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IRS Releases Guidance on Implementing September 1st Payroll Tax Deferral

Naya Pearlman, J.D., LL.M.

08.31.20 | Client Alert – COVID-19 Update

Just days before the September 1st start date, the IRS released Notice 2020-65 to provide some basic guidance for employers implementing the payroll tax deferral pursuant to President Trump’s executive order. Earlier this month, the President directed that the employee’s portion of Social Security taxes (6.2% of wages) from September 1, 2020 through the end of the year be deferred for workers making less than $4,000 on a biweekly basis. The executive order does not affect the employee’s share of Medicare tax or the employer’s share of payroll taxes for such workers.

The new guidance confirms that the employee’s share of Social Security taxes on applicable wages (that are less than the threshold amounts of $4,000 on a biweekly basis) be deferred until 2021, but clarifies that the determination of applicable wages is made on a pay period by pay period basis. Thus, the relief is available to employees who have wages less than the pay period threshold amount irrespective of the amount of wages paid to the employee for other pay periods. The effect of the deferral is to increase the take home pay of the worker for that pay period. However, under the new guidance, the employer must then withhold and remit the deferred applicable taxes ratably from wages paid between January 1, 2021 and April 30, 2021. If necessary, the Notice provides that the employer may make arrangements with the employee to otherwise collect the total applicable taxes deferred. Interest, penalties, and additions to tax will begin to accrue on May 1, 2021 with respect to any unpaid applicable taxes.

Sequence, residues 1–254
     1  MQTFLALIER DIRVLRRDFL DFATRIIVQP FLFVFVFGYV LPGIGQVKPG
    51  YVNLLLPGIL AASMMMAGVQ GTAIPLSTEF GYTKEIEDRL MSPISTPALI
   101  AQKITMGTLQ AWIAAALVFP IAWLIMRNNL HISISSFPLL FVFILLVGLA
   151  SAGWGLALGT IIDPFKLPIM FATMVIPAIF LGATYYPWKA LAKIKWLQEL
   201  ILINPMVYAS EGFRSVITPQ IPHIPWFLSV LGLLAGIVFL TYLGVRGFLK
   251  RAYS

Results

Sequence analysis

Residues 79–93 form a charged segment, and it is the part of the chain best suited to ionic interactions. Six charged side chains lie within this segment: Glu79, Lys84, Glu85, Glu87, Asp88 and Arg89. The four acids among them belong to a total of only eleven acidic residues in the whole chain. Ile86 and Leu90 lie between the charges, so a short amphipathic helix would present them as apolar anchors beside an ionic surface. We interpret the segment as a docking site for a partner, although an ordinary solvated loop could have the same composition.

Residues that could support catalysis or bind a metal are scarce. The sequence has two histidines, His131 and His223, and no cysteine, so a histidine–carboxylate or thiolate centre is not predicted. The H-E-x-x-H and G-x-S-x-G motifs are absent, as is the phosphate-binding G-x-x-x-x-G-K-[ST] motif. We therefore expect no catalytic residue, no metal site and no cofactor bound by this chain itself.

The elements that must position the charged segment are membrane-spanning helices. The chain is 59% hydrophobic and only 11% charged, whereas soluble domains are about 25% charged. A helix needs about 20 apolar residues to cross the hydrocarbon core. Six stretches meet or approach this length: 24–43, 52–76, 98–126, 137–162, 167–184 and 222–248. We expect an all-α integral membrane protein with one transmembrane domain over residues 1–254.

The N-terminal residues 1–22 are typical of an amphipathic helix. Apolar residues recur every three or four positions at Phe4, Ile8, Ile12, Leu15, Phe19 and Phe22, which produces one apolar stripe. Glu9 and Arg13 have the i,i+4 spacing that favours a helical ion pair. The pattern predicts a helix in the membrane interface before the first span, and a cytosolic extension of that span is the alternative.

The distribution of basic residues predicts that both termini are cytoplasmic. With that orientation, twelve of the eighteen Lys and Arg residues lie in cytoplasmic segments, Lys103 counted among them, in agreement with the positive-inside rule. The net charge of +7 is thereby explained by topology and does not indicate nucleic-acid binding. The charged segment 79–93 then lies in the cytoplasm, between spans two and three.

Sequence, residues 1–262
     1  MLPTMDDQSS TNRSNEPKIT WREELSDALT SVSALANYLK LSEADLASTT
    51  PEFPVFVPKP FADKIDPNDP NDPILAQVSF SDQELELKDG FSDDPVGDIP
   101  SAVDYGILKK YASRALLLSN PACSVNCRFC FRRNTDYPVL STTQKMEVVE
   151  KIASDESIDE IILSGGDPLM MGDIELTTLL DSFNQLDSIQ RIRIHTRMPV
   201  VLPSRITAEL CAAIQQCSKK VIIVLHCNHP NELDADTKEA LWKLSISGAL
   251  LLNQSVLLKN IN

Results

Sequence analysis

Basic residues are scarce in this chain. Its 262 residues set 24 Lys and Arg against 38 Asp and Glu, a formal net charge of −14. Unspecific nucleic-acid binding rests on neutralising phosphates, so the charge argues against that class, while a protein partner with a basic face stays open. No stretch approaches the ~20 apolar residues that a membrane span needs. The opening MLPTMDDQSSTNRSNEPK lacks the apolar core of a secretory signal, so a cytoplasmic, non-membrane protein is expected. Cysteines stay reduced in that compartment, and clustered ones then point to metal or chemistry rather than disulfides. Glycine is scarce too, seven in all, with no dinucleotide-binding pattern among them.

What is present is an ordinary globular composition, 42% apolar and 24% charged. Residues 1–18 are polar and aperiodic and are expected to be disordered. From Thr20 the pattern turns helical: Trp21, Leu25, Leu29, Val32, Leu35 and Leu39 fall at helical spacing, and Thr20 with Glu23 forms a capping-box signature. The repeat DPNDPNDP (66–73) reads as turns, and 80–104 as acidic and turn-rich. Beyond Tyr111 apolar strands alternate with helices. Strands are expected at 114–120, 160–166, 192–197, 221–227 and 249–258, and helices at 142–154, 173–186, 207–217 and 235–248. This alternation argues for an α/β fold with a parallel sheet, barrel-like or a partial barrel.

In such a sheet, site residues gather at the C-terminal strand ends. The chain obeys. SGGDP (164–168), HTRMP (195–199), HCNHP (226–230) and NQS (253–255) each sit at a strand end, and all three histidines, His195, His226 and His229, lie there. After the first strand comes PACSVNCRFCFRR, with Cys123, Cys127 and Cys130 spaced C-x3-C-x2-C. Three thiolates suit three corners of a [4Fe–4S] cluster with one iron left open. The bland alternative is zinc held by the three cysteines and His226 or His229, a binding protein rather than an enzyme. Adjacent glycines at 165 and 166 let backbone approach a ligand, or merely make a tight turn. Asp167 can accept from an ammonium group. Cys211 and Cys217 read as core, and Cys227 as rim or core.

The 3-page IRS guidance still leaves questions unanswered. Treasury Secretary Steven Mnuchin has previously said that companies will not be forced to implement the deferral but whether the directive is optional is unclear. Furthermore, while the President has publicly expressed the intent to forgive the payroll tax deferral, whether forgiveness is still on the agenda and can be achieved may be dependent on Congress and the President’s re-election. Without forgiveness, workers will face higher withholding in 2021, which only shifts the tax burden to the first four months of the following year.  With all of these questions, it remains to be seen how many companies actually implement the payroll tax deferral, if at all, on time for the next payroll check.

Please stay tuned and visit our Berdon’s COVID-19 Information Center for more information on this and related topics.

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